The book is composed of the following six sections:


Southeast Asia:

  • The Lay of the Land - We look at geography and climate.

  • Land of the Buddha -Introduces the fundamentals of the Buddhist religion, which dominates religious life in all countries..

  • The East India Mission - The “East India Mission” is a little-known part of Church History from the 1850s ” That bold endeavor placed the first missionaries in Burma and Thailand (known as Siam at that time). Fortunately, Levi Savage Jr. left a detailed journal of his experiences. The next missionaries to Indochina would not arrive for over 100 years.

  • War in Viet Nam - This event not only had a significant impact on the region but was the event that brought missionary work back to Indochina in modern times.

  • Awful Aftermath of War -The end of the war in April 1975 was only the beginning of the horrendous aftermath. “Tevy’s Story” represents what happened to millions of Cambodians. Her story does have a happy ending, but such was not the case for millions of her fellow citizens.

  • Where it All Began - Missionary work in Asia outside Japan and Korea began in Hong Kong in the 1950s. Hong Kong became the starting point for all other missions in Asia, including Taiwan and the Philippines. Early missionaries in Hong Kong were later called to preside over missions throughout the region.
  • The Apostle for Asia - Finally, we will look at the impact of “The Apostle for Asia, Elder Gordon B. Hinckley,” whose influence on all of Asia was remarkable.

Viet Nam: The Children of the Dragon and the Descendants of the Fairy

  • Missionaries in Viet Nam - Fifteen LDS missionaries served in Viet Nam between April 1973 and April 1975. They had excellent success and the Saigon branch was growing.

  • The Evacuation - As the North Vietnamese military advanced on Saigon, the missionaries had to evacuate back to Hong Kong. What about the members of the Church in Viet Nam? What would be their fate? Church efforts to help Vietnamese refugees in Guam and the United States.

  • The Home Teacher who went the Extra 50,000 Miles - One U.S. veteran of the war in Vietnam received a letter from the Vietnamese family that he had visited as their home teacher. The letter asked, “Can you help?” He became determined to help Latter-day Saints leave Viet Nam.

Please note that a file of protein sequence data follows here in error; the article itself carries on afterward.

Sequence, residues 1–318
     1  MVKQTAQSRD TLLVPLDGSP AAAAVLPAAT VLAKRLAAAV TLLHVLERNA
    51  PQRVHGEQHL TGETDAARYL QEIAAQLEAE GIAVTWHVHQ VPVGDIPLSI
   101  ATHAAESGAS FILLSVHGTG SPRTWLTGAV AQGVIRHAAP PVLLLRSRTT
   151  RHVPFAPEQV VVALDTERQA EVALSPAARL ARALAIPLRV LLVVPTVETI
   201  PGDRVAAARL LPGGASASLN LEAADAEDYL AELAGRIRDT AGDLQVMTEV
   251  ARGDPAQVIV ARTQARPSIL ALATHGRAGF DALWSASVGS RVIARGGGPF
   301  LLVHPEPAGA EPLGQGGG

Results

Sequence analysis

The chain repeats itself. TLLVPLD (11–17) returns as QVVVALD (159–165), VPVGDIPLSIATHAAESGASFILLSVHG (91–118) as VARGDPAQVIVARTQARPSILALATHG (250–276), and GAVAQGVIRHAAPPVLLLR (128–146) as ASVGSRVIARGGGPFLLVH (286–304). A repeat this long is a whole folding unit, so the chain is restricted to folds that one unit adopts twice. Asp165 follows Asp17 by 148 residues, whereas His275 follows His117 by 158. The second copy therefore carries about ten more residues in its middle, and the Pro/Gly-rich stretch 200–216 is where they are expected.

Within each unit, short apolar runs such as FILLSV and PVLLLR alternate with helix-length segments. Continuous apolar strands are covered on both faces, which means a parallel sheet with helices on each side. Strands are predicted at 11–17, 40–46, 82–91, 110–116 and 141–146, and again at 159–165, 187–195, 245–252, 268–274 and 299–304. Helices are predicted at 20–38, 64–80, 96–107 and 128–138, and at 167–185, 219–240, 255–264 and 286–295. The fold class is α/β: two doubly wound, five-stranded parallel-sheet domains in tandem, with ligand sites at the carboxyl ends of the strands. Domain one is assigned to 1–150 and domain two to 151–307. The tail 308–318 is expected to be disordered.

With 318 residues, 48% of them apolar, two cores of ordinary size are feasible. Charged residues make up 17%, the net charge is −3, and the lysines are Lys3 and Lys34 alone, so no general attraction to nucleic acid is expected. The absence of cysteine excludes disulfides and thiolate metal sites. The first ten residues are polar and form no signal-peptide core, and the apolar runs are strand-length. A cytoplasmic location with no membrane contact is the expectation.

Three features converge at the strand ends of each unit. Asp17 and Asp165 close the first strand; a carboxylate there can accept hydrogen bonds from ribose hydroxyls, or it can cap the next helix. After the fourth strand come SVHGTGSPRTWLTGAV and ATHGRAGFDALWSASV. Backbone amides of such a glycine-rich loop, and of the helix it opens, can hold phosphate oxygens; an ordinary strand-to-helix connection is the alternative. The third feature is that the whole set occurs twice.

• Reestablishing the Church in Viet Nam - Senior missionaries return to Viet Nam to teach English. Over the years, many others have served in both Hanoi and Ho Chi Minh City (Saigon).

Thailand: Land of Smiles

  • Bringing the Gospel to Thailand --In the 1960s, LDS members came to Bangkok in significant numbers. Elder Gordon B. Hinckley dedicated Thailand in 1966. Sixteen months later, the first missionaries arrived. Thailand’s first chapel near Soi Asoke opened in 1972.

  • Progress Amid Trouble and Tragedy - The continual struggle for visas. Two missionaries are killed in an auto accident while returning from Laos. After visiting Sukhothai with their mission president, two missionaries spend six months in a Thai prison. The story hits newspapers around the world. The Church’s response and plan to avoid such problems in the future. What was the real tragedy of it all? The Thailand Bangkok mission was created in 1973, with a new focus on producing materials in the Thai language.
  • The Thai Book of Mormon - This story details the translation of the Book of Mormon (first edition) into Thai. The work of Sister Srilaksana, an early convert in Thailand, and her dedication to the translation of LDS scriptures. The Lord guides her through revelation and blesses her health to accomplish the work.

  • A Firm Foundation - The Church constructs new meetinghouses in many locations. Elder Neal A. Maxwell creates Thailand’s first Stake in 1995. Membership is approaching 20,000, but the strength of the priesthood is less solid.